Developing Business Model and Evidence Based net neutrality Regulation
Mr. ANURAG RANA
Over the past ten years, the debate over "network neutrality" has remained one of the central debates in Internet policy. Governments all over the world have been investigating whether legislative or regulatory action is needed to limit the ability of providers of Internet access services to interfere with the applications, content and services on their networks. Net neutrality’ comprises two separate non-discrimination commitments. Backward-looking ‘net neutrality lite’ claims that Internet users should not be disadvantaged due to opaque and invidious practices by their current Internet Service Provider (ISP). Forward-looking ‘positive net neutrality’ is a principle whereby higher Quality of Service (QoS) for higher prices should be offered on fair, reasonable and non-discriminatory (FRAND) terms to all-comers. Neither extreme in the debate is an optimum solution. There is too much at stake to expect government to supplant the market in providing higher-speed connections, or for the market to continue to deliver without basic policy and regulatory backstops to ensure continued openness. Permitting content discrimination on the Internet will permit much more granular knowledge of what an ISP’s customers are doing on the Internet. A co-regulatory regime will ensure oversight and remove the most obvious abuses by fixed and mobile ISPs. Beyond rules that forbid network providers from blocking applications, content and services, non-discrimination rules are a key component of any network neutrality regime.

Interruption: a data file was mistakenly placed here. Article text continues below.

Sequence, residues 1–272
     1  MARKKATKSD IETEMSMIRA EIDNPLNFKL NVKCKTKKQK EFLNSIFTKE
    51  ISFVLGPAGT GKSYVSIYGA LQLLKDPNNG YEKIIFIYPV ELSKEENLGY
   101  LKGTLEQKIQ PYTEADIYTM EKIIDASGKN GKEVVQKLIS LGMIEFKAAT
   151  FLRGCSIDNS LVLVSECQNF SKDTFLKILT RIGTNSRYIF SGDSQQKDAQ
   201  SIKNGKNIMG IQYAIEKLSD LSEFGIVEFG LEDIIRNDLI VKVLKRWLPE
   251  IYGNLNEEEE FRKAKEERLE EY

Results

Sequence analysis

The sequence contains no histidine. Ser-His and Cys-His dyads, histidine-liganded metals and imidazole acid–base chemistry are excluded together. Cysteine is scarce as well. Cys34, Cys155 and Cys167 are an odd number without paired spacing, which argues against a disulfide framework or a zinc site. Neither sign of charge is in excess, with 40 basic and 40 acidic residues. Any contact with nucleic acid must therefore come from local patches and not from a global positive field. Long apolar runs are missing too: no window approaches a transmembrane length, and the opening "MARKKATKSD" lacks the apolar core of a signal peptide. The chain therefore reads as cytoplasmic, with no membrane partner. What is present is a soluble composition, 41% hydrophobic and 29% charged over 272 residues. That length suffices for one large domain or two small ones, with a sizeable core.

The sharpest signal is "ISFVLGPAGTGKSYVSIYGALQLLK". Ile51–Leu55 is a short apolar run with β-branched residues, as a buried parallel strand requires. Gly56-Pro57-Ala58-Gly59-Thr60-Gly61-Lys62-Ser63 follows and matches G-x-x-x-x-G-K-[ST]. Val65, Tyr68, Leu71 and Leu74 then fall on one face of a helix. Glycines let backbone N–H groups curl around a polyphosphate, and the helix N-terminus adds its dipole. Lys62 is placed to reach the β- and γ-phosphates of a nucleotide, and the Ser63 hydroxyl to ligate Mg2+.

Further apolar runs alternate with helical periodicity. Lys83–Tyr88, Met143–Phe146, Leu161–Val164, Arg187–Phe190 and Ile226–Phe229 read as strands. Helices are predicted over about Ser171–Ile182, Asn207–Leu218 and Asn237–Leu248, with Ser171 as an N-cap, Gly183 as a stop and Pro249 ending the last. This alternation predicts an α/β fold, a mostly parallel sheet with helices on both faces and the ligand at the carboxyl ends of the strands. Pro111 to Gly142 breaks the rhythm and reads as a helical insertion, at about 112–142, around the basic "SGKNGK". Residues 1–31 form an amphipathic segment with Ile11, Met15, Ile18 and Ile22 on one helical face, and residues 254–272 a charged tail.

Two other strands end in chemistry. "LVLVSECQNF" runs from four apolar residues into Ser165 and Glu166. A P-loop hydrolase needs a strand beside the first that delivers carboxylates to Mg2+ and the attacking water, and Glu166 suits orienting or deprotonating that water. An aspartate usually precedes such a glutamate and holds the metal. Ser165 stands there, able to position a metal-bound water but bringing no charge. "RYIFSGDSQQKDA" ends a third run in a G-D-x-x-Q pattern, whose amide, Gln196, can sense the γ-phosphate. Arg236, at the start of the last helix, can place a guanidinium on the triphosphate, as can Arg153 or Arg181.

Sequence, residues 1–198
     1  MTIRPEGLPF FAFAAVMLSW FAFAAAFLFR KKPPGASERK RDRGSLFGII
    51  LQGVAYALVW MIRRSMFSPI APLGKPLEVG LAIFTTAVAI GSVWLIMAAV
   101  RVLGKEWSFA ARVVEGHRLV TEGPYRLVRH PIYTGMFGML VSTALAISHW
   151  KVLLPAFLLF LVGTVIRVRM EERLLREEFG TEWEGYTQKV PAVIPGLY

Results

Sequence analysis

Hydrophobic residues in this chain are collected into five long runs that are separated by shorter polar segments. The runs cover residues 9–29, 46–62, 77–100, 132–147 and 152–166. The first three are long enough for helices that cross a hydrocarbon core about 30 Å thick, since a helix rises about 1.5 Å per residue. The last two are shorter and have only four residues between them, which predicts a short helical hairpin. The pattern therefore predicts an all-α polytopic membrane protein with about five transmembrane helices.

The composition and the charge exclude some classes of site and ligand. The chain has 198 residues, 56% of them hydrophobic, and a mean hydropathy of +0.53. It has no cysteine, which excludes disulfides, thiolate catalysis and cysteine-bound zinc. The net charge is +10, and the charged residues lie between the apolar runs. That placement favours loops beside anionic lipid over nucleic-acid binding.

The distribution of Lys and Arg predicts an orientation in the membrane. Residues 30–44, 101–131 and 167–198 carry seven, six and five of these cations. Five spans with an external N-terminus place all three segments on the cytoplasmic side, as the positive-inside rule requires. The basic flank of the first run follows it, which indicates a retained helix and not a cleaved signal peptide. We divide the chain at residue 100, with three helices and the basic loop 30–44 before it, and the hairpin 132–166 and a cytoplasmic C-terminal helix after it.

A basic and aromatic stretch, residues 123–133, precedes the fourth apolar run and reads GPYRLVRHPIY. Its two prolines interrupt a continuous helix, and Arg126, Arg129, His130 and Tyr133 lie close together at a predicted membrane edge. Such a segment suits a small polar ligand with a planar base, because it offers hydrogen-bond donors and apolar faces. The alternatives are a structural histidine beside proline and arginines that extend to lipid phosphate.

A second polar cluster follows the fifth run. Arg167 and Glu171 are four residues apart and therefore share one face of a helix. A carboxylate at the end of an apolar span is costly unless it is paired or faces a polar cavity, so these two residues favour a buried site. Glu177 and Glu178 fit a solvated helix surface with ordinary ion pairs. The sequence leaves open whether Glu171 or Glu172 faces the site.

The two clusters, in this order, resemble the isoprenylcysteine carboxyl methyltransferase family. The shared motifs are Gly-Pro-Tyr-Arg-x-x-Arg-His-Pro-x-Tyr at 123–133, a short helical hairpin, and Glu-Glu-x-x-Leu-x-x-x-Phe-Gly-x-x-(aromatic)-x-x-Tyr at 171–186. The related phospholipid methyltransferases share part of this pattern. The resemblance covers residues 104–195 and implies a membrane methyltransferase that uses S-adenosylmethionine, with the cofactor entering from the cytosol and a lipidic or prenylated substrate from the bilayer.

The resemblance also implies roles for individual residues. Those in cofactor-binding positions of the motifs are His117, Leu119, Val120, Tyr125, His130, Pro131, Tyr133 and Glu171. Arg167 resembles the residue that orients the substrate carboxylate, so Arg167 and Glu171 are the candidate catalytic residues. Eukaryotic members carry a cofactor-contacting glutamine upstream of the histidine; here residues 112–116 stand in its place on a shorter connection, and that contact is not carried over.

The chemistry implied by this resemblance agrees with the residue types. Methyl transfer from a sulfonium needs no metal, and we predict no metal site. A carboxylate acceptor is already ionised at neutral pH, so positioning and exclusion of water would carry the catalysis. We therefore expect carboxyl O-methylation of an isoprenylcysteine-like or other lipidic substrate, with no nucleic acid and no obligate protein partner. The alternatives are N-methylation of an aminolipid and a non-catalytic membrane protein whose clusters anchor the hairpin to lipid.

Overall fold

This analytical study provides background on the debate over network neutrality, including the implications for business models going forward that have been attempted and that are currently in play. This article explains for a global policy audience what the regulatory and governance problems and potential solutions are for the issue referred to as ‘network neutrality’, unpacking its ‘lite’ and ‘heavy’ elements. Eschewing technical, economic or legalistic explanations previously tackled elsewhere, it explains that increasing Internet Service Provider (ISP) control over content risks not just differentiated pricing and speed on the Internet. It explains that a co-regulatory regime may ensure regulatory oversight and remove obvious abuses by fixed and mobile ISPs, without preventing innovation, while guarding against government abuse of the censorship opportunities provided by new technologies.